Almost 50 years ago, the Moorhead Center Mall was the biggest news in the city. Intended as the new incarnation of the aging downtown, the expansive mall – with its cobblestone floors, broad census of retail establishments and upscale, spanking-new style – opened its doors a few years after West Acres brought the cutting-edge indoor-mall concept to Fargo. Unlike that first indoor mall amidst cultivated field beyond Fargo’s west edge, Moorhead’s mall rose where the venerable but deteriorating downtown business district had stood. It had been cleared in the wave of urban renewal that swept both cities in the late 1960s. Unlike its neighbor, where demolition was concentrated on the dilapidated blocks east of Broadway and along Main Avenue, the local improvement district shaved away the heart of the historic business district.
Five decades of retail changes and dislocations, culminating with the high-profile loss of Herberger’s last year, have made change inevitable and unavoidable. Amidst Thus, the rumors – and a good measure of optimism despite the uncertainties ahead.
Manager Nielsen accepted the job of heading mall operations just last April after years with Bonanzaville USA and his own genealogical research firm, as well as management of several buildings off Broadway. “Most people here are optimistic about what’s happening,” he says. “Everyone knows we won’t survive in the present form.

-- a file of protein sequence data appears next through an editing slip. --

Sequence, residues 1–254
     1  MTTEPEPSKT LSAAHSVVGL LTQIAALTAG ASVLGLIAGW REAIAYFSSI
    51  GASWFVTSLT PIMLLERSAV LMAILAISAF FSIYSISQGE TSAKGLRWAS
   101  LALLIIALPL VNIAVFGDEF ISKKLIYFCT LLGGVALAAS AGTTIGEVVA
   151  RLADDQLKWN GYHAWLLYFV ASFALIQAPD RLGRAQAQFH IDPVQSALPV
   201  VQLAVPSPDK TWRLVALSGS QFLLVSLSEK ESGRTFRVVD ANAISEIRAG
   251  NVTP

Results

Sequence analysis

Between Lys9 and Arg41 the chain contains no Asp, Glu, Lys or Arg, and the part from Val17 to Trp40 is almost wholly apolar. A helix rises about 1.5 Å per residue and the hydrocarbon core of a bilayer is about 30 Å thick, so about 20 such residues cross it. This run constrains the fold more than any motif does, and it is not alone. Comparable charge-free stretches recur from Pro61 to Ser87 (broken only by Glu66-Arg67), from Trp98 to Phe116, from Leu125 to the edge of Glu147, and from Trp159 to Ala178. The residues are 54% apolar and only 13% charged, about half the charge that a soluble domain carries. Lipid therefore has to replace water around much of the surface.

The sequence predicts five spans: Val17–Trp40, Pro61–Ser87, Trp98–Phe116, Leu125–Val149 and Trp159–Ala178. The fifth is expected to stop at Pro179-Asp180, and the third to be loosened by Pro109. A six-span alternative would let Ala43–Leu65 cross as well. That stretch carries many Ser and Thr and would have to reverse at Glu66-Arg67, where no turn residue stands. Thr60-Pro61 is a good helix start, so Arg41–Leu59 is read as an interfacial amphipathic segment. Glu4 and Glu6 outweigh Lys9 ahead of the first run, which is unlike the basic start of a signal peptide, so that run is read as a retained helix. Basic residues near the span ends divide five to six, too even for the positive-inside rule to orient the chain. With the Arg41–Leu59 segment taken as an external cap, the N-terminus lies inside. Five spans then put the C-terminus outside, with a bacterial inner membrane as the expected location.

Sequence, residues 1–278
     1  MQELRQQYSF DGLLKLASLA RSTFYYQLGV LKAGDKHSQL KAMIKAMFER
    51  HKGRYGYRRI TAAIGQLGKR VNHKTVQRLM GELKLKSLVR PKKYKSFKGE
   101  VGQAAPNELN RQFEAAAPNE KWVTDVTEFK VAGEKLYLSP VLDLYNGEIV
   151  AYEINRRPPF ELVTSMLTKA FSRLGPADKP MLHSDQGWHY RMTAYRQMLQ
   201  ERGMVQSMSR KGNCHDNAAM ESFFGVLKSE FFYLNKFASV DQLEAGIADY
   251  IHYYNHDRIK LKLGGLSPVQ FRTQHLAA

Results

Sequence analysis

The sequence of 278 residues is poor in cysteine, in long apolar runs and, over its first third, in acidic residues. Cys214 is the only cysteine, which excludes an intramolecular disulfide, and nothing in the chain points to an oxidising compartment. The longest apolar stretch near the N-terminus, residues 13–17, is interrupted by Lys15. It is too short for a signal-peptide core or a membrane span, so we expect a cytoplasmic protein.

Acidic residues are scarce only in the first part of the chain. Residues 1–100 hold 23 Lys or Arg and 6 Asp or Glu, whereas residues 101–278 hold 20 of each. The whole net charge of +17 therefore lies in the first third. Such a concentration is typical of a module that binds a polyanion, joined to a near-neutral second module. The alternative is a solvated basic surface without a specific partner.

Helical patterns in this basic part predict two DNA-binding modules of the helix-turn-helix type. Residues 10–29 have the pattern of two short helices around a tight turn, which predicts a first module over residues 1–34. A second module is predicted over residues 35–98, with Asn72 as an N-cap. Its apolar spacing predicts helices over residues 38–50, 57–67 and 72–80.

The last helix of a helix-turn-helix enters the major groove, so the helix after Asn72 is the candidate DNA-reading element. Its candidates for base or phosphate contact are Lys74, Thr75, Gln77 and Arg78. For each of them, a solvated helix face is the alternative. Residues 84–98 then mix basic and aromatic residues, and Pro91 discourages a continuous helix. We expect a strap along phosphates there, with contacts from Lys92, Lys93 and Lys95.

“That’s why I accepted this job,” he continues. “When I heard about the remodeling plan that’s in the works, it excited me. The owners were already working with an architect when the city’s ‘predevelopment’ agreement with Roers came up. All we ask for in working with them is transparency about their plans. We’re still moving forward, but we may need some help from the city. After all, we still share space here.”
Nielsen hints the majority owners may reach agreement soon on the future of the two-story space that anchors the mall. Pressed for details, he’ll say only that three options are under consideration. Two are potential rental clients – one a regular retail establishment, the other a private entertainment company. The third would be what he calls a “public-private partnership” to remodel the space for a combination of dining and entertainment.
“The Moorhead Center Mall doesn’t want to be West Acres. It doesn’t want to be downtown Fargo,” he says. “We just want to be our own mix of places that build our own unique community – places to go that serve people’s needs and where they’re comfortable.”
As Silvio Guerra Jr. and his wife Jessica worked on the specialty store they expect to open in January, they’re optimistic that the future holds good things for them and their new neighborhood. “When I told people we were coming over here, they were shocked. They told me, ‘Don’t go there. It’s dead,’” Silvio reports. The experienced businessman, who has worked with Sonic restaurants and owned a printing company, scoffs at the naysayers. “They’re wrong. This place is coming alive.”